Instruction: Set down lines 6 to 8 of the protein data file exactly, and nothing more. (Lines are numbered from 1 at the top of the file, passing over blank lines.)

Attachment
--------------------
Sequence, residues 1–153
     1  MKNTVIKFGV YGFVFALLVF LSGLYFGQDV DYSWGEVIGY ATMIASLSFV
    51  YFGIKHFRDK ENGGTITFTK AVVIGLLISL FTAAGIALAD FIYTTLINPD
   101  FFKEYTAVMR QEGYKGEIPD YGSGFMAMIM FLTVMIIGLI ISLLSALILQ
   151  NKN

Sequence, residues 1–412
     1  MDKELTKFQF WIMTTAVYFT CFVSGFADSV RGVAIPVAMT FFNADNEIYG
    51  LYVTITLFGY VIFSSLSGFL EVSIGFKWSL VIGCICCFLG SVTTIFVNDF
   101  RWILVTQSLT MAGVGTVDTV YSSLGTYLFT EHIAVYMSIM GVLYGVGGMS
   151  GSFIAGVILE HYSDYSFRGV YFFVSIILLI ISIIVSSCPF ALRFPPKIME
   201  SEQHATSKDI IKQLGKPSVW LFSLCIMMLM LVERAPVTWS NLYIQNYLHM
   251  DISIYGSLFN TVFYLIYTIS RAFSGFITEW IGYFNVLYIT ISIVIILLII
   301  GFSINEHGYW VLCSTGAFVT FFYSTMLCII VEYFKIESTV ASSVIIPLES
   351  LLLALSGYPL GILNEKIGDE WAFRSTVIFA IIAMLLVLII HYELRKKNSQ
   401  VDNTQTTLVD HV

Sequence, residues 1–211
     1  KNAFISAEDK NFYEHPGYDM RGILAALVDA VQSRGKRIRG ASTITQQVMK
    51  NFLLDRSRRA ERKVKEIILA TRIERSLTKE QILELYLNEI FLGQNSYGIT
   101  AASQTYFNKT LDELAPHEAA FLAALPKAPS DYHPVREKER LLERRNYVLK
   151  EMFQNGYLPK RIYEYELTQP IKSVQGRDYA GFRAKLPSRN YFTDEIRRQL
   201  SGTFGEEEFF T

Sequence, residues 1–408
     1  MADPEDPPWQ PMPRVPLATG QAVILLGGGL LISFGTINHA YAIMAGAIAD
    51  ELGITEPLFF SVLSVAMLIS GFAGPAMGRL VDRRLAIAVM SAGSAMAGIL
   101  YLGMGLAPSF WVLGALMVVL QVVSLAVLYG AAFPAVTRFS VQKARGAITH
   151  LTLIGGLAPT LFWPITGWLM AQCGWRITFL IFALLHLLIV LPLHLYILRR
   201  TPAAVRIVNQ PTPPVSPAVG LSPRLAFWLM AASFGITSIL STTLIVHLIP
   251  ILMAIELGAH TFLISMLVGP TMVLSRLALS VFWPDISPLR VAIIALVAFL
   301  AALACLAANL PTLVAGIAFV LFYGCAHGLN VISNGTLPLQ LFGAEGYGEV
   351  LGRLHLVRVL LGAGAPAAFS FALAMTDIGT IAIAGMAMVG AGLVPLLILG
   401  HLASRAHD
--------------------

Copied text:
Sequence, residues 1–412
     1  MDKELTKFQF WIMTTAVYFT CFVSGFADSV RGVAIPVAMT FFNADNEIYG
    51  LYVTITLFGY VIFSSLSGFL EVSIGFKWSL VIGCICCFLG SVTTIFVNDF